“So why are you now a Homicidal Pacifist?” I asked.
“Because,” explained Sameena, “I am a pacifist in my heart: I believe in non-violent civil disobedience. I believe that, when we use violence, it demeans and diminishes us as human beings… On the other hand, I occasionally have the urge to get a machete and run around an Asda supermarket with it.
“Here’s the thing. I love humanity, the adjective. But I do not like Humanity, the noun.
“The premise of my new show is that I’m working on a plan to cull the human race. It’s going to be thought-out and logical. There’s going to be a questionnaire. If you fail it, you get three years to fix yourself. If, after three years, you haven’t fixed yourself, you’re going to be culled.
“There’s going to be a culling aisle in the supermarket. Every supermarket will have one and there will be an announcement that goes: Attention! Customer announcement! Culling will begin in Aisle 3 in fifteen minutes.
“There are certain groups that will have a preponderance, like merchant bankers. It doesn’t mean all of them will be culled – because I’m unwilling to dismiss a whole group of people just because of the worst characteristics of 90% of them.
“That’s where I am. I’m very angry about things and I can imagine being in a news story that ends with the words: She then turned the gun on herself. But I hope I won’t. So I need to get it out of my system.
“I love crime fiction. It must be the homicidal inside me. I love Elmore Leonard and Steven Saylor, who sets all his crime novels in the Roman Empire. You get a whole milieu; you learn about the social history of Rome. Same with Dorothy L.Sayers: 1920s Britain. Same with C.J.Sansom who writes novels set during Henry VIII’s reign. I think I like the puzzles as well. I’m a great fan of puzzles.”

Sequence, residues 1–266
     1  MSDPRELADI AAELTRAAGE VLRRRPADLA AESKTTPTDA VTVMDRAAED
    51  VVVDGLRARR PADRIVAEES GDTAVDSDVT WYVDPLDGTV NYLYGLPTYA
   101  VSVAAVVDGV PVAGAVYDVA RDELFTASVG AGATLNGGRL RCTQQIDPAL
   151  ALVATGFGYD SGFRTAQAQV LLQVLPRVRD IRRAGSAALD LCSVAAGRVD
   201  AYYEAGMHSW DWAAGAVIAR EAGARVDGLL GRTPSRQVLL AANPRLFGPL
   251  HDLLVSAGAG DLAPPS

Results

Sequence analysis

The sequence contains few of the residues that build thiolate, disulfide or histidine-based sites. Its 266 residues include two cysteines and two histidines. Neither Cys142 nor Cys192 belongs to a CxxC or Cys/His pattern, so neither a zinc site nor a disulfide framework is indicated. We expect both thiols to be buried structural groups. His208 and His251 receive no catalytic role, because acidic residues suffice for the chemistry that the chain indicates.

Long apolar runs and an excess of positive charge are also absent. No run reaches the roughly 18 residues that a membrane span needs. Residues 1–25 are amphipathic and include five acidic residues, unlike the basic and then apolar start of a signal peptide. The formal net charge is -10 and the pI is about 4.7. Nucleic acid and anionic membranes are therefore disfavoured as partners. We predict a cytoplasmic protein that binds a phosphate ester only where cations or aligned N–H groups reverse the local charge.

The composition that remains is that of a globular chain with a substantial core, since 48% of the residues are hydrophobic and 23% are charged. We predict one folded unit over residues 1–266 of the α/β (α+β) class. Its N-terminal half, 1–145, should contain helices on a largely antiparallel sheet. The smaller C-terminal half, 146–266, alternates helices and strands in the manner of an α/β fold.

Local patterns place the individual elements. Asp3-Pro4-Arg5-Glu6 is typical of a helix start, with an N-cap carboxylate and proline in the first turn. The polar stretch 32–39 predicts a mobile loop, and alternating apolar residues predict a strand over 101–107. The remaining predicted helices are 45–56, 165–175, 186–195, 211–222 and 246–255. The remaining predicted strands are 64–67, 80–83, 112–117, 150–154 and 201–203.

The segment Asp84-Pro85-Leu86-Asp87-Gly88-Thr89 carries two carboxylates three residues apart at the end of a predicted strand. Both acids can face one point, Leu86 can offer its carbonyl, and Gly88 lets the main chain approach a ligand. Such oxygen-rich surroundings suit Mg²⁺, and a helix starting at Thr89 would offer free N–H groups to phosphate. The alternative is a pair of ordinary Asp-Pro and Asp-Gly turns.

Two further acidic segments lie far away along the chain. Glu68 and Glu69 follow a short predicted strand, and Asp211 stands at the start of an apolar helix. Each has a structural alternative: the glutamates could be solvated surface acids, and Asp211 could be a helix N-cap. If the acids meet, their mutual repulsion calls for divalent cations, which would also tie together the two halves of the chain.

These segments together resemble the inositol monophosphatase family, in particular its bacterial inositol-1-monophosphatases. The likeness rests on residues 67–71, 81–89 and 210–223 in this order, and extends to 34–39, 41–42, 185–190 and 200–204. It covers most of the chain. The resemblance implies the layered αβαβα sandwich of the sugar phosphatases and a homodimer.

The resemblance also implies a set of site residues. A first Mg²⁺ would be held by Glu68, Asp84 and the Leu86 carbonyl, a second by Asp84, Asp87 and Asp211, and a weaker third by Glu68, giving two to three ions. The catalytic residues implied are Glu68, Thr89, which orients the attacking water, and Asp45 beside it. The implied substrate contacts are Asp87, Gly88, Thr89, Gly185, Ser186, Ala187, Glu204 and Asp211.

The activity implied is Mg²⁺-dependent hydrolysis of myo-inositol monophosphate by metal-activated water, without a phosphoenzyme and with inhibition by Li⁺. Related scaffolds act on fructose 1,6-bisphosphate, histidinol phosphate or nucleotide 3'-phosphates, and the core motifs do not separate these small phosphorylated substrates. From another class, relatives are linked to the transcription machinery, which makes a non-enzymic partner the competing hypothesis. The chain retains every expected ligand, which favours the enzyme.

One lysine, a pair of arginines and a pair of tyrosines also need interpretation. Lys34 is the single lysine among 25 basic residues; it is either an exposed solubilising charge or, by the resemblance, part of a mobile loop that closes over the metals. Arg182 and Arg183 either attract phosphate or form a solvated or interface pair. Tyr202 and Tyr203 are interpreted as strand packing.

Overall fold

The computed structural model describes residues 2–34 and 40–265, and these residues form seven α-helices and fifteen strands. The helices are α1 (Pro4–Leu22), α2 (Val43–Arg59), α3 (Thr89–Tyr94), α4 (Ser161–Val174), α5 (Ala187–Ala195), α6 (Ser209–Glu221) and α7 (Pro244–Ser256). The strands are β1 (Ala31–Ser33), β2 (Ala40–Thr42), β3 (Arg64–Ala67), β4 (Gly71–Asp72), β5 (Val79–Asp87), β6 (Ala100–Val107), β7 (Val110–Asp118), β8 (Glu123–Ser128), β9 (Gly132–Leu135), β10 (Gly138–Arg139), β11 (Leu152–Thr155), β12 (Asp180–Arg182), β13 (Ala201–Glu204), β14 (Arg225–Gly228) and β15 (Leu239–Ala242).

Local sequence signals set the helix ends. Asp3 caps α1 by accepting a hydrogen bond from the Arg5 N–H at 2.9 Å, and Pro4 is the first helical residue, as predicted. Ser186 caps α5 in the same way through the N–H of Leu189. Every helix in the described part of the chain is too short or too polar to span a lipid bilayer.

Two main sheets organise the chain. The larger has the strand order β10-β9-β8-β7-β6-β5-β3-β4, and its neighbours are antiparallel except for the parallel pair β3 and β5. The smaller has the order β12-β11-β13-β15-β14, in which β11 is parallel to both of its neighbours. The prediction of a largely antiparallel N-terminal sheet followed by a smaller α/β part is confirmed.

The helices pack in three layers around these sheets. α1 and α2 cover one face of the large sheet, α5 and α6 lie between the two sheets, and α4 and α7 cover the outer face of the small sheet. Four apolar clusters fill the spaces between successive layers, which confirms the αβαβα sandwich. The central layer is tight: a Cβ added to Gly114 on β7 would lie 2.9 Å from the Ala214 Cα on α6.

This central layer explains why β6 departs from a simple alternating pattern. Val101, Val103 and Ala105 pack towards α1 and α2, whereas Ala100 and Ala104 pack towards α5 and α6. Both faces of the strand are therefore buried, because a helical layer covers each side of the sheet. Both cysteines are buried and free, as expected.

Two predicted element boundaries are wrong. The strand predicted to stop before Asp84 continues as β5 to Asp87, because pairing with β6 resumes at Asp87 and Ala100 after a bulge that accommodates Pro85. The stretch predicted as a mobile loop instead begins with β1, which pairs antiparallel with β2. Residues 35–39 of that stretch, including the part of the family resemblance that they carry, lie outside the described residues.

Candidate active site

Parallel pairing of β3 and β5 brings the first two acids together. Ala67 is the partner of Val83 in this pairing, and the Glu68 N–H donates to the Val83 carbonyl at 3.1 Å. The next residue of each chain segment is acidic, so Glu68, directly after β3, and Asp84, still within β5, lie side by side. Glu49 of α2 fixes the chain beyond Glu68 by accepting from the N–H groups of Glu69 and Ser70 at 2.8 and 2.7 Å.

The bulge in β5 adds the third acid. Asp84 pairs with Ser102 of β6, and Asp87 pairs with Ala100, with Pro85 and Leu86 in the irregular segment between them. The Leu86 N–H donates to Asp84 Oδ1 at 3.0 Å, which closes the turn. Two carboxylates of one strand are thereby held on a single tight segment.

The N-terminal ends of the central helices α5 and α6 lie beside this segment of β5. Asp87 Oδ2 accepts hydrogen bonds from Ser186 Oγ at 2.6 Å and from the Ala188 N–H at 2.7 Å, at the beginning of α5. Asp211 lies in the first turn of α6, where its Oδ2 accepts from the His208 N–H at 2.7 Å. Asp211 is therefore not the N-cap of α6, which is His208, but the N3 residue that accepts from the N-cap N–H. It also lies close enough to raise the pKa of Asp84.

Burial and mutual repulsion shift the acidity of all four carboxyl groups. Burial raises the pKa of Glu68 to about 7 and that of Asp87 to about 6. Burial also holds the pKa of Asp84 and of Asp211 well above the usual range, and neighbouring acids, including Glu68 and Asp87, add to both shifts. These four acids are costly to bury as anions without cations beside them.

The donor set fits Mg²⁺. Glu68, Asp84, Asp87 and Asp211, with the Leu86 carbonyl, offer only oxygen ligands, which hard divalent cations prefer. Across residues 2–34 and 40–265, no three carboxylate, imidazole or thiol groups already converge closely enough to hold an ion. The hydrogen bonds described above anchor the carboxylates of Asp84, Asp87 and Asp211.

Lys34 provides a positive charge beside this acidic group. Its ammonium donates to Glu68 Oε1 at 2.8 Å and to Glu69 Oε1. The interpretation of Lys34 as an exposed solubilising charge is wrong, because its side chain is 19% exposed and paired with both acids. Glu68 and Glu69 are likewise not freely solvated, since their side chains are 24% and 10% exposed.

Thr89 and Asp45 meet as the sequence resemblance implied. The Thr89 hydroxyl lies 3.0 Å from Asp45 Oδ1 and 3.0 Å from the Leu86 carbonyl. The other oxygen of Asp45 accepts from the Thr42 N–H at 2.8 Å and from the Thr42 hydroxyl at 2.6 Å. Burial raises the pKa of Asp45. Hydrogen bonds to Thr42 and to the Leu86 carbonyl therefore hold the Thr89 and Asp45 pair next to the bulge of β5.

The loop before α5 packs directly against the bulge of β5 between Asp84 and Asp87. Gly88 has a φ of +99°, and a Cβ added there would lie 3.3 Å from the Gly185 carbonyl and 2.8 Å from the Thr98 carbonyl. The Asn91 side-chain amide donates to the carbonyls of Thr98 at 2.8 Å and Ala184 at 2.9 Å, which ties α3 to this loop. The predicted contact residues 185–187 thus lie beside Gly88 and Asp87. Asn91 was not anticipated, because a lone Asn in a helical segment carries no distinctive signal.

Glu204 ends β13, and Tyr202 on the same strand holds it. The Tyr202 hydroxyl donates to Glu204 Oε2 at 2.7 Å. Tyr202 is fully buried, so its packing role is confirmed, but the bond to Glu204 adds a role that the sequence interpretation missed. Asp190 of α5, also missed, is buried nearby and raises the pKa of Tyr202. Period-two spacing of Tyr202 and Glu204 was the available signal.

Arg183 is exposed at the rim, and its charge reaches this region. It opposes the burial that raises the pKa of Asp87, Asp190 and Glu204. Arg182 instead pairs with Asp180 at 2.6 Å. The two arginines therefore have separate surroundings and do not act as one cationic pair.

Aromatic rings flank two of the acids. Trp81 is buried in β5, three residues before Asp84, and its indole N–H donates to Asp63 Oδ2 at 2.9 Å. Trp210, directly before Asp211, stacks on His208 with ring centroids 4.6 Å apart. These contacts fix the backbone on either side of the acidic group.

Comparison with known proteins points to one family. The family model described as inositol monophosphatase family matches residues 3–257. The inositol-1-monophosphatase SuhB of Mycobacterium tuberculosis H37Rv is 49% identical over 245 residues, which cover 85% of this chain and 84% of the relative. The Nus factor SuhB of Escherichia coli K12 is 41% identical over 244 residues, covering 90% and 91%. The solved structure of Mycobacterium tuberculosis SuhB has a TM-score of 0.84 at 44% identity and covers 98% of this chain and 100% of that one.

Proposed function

“And architectural floor plans,” I said.
“I’m writing a crime novel myself,” Sameena told me.
“Based where?” I asked, surprised.
“In modern-day London. I’ve always wanted to write a crime novel. It’s about a woman in her thirties who used to be part of a three-person team that did extractions in South American and African countries where people get kidnapped.”
“Extractions for companies?” I asked.
“Yes. And now she runs a private detective agency with a friend of hers.”
I asked: “Can I say that in my blog or will someone nick the idea?”
“Who cares if they nick the idea?” replied Sameena. “The one I want to write – the one I need to write before I die – is a detective novel set during the Moghul Empire in India. There was a Moghul King called Akbar The Great and the years of his reign are pretty concurrent with Elizabeth I in England. It was a Moslem dynasty and he was an amazing guy. It was one of his descendants who built the Taj Mahal.
“I’ve got a female detective in mind who is part midwife, part travelling mendicant. You need a character who can pass between royalty and the common people. She goes around solving mysteries and I would like to have the absolutely amazing tapestry of the Moghul Empire behind these everyday stories. Nowadays, because we’re all becoming Islamophobic, we’re forgetting that Islam was a real force for spreading knowledge. And women were educated. They had options. They even went into war. There are lots of famous Indian women warriors. They kicked ass.”
“You strike me as being very organised,” I said. “Isn’t being disorganised, doolally and mad almost a pre-requisite for being a comic?”
“A lot of people have said to me that comedians are mad,” said Sameena, “and stupid and bitchy. But I haven’t had that experience. By-and-large, the people that I’ve met have been generous and encouraging and lovely to meet. I’ve met the occasional arsehole, but I’ve just gone I’m not having anything to do with you, thankyou very much.”
“I like comedians,” I said. “But they do tend to be doolally in one way or another. That’s what makes them interesting.”
“Well, I’m quite mad,” said Sameena. “I’m quite aware of this.”
“No, no,” I said. “You come across as being a director or producer. Someone who’s creative but not mad.”
“I am quite mad,” insisted Sameena. “I hide it very well.”